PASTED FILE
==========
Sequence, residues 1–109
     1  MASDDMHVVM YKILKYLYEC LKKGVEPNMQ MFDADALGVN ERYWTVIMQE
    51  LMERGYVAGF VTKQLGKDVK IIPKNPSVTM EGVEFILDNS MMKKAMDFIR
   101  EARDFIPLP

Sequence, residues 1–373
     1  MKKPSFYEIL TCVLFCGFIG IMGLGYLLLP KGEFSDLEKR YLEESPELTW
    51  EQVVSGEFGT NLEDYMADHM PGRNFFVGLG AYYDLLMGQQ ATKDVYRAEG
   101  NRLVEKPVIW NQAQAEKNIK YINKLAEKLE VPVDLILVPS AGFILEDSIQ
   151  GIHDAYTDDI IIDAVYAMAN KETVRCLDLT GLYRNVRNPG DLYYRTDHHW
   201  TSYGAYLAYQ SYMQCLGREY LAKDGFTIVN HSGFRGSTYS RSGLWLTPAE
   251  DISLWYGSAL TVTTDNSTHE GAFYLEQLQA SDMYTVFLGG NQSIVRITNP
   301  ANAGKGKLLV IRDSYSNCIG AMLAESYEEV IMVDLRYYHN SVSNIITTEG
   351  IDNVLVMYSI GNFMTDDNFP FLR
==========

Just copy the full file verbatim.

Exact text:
Sequence, residues 1–109
     1  MASDDMHVVM YKILKYLYEC LKKGVEPNMQ MFDADALGVN ERYWTVIMQE
    51  LMERGYVAGF VTKQLGKDVK IIPKNPSVTM EGVEFILDNS MMKKAMDFIR
   101  EARDFIPLP

Sequence, residues 1–373
     1  MKKPSFYEIL TCVLFCGFIG IMGLGYLLLP KGEFSDLEKR YLEESPELTW
    51  EQVVSGEFGT NLEDYMADHM PGRNFFVGLG AYYDLLMGQQ ATKDVYRAEG
   101  NRLVEKPVIW NQAQAEKNIK YINKLAEKLE VPVDLILVPS AGFILEDSIQ
   151  GIHDAYTDDI IIDAVYAMAN KETVRCLDLT GLYRNVRNPG DLYYRTDHHW
   201  TSYGAYLAYQ SYMQCLGREY LAKDGFTIVN HSGFRGSTYS RSGLWLTPAE
   251  DISLWYGSAL TVTTDNSTHE GAFYLEQLQA SDMYTVFLGG NQSIVRITNP
   301  ANAGKGKLLV IRDSYSNCIG AMLAESYEEV IMVDLRYYHN SVSNIITTEG
   351  IDNVLVMYSI GNFMTDDNFP FLR